So boasted John L. Sullivan, the first modern heavyweight boxing champion of the world, a man who was the gold standard of American sport for more than a decade, and the first athlete to earn more than a million dollars. He had a big ego, big mouth, and bigger appetites. His womanizing, drunken escapades, and chronic police-blotter presence were godsends to a burgeoning newspaper industry. The larger-than-life boxer embodied the American Dream for late nineteenth-century immigrants as he rose from Boston’s Irish working class to become the most recognizable man in the nation. In the process, the “Boston Strong Boy” transformed boxing from outlawed bare-knuckle fighting into the gloved spectacle we know today.
Strong Boy tells the story of America’s first sports superstar, a self-made man who personified the power and excesses of the Gilded Age. Everywhere John L. Sullivan went, his fists backed up his bravado. Sullivan’s epic brawls, such as his 75-round bout against Jake Kilrain, and his cross-country barnstorming tour in which he literally challenged all of America to a fight are recounted in vivid detail, as are his battles outside the ring with a troubled marriage, wild weight and fitness fluctuations, and raging alcoholism. Strong Boy gives readers ringside seats to the colorful tale of one of the country’s first Irish-American heroes and the birth of the American sports media and the country’s celebrity obsession with athletes.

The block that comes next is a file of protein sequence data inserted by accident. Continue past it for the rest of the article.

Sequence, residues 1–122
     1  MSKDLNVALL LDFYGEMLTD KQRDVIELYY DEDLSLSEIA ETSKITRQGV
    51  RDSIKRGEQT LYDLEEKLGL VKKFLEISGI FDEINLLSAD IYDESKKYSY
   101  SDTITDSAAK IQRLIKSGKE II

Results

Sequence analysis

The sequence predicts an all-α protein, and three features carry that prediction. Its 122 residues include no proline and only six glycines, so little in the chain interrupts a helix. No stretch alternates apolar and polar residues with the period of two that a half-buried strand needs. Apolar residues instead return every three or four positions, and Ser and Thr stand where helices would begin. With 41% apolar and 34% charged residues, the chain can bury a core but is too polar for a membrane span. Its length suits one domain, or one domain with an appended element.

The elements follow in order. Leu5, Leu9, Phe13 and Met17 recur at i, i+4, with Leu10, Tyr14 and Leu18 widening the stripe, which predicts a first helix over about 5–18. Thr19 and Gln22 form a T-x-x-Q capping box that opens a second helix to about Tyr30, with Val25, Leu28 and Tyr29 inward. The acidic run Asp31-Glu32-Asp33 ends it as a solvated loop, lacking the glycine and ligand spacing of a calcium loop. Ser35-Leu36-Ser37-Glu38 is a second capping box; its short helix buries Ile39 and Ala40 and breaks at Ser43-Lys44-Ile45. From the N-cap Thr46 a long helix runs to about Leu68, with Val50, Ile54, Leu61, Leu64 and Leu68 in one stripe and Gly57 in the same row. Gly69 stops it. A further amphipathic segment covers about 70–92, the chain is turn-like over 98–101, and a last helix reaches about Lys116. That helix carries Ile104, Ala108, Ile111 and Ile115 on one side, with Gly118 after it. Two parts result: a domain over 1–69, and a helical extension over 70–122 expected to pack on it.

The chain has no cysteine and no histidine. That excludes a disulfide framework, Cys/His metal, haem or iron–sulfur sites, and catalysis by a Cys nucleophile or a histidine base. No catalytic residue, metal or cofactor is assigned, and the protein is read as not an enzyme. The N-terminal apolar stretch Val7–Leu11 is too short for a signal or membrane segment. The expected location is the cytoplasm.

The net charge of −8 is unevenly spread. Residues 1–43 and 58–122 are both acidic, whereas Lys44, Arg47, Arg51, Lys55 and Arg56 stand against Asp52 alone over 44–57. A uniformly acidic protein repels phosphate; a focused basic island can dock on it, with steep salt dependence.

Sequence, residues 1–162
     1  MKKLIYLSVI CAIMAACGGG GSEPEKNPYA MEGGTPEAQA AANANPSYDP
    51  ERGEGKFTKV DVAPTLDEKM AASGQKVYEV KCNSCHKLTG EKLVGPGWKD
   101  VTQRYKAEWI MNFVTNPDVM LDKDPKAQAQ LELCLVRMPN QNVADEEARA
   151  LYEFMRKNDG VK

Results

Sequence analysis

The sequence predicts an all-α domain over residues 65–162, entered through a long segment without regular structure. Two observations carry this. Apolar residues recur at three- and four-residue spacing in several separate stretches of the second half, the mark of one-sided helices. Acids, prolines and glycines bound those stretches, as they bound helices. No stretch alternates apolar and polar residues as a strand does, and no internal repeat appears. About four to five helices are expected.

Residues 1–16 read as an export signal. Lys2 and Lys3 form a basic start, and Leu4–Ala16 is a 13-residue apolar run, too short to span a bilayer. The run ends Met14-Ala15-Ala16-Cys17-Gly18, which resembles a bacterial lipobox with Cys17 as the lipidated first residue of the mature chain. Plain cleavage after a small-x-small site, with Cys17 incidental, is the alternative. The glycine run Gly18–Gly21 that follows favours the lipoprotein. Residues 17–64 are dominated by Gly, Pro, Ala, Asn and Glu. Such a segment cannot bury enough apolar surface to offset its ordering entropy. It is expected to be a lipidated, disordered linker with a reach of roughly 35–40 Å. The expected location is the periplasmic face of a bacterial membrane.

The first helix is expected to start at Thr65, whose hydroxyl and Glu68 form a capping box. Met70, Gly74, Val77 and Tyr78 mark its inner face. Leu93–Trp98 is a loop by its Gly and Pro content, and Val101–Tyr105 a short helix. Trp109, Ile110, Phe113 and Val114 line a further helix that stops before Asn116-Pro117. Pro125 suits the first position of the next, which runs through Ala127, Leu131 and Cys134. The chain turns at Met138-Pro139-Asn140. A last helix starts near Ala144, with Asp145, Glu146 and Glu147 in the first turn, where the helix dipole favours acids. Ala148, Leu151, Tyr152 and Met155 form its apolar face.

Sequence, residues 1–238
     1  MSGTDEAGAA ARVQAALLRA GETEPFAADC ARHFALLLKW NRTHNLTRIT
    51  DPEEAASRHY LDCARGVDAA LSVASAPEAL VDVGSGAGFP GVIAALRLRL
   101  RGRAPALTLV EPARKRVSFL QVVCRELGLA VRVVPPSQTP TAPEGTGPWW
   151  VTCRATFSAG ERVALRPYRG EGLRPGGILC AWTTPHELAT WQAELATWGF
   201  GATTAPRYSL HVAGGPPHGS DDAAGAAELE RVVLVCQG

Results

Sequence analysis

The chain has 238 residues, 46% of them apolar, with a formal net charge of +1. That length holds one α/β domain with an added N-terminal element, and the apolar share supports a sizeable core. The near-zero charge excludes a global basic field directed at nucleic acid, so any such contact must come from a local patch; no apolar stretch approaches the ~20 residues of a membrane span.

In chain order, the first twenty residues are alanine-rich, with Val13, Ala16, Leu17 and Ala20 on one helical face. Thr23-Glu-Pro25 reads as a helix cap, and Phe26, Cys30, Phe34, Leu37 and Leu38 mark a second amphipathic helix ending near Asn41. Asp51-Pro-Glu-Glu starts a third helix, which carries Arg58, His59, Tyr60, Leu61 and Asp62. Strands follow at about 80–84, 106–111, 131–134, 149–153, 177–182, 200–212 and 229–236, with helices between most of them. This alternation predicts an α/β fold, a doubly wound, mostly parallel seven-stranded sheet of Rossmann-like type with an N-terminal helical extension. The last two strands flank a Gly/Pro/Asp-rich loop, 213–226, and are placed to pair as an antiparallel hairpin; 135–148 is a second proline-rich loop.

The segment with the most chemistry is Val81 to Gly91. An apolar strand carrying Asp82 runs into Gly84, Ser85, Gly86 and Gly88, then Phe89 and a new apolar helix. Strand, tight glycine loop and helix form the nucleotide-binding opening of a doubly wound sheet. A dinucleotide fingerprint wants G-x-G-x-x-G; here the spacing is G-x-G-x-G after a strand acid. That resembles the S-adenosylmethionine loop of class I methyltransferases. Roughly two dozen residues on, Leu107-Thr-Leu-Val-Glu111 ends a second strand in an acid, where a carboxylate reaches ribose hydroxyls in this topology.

I’m a total history geek. Favorite historical figure: Teddy Roosevelt. Favorite historical event: the Defenestration of Prague. (Go ahead, Google it.) I love writing about history because it allows me to indulge my passion, travel back in time, and constantly learn more about humanity’s incredible backstory. History helps to explain our present-day world and acts as our roadmap to the future. After all, how can we know where we are going without knowing where we’ve been? (Not to mention, writing about dead people means never having to worry about your subjects returning your phone calls.)
I love to sweep away the cobwebs of history and introduce modern-day audiences to incredible figures who have begun to fade from our collective memory. My latest book is When the Irish Invaded Canada, the outlandish, untold story of the Irish American revolutionaries who tried to free Ireland by invading Canada. Taking their cue from a previous generation of successful American revolutionaries, these Great Hunger refugees and Civil War veterans attacked Canada five times between 1866 and 1871 in what are known as the Fenian Raids. With the tacit support of the U.S. government, these Irish Americans established a state in exile, planned prison breaks, weathered infighting, stockpiled weapons, and assassinated enemies. Defiantly, this motley group, including a one-armed war hero, an English spy infiltrating rebel forces, and a radical who staged his own funeral, managed to seize a piece of Canada--if only for three days.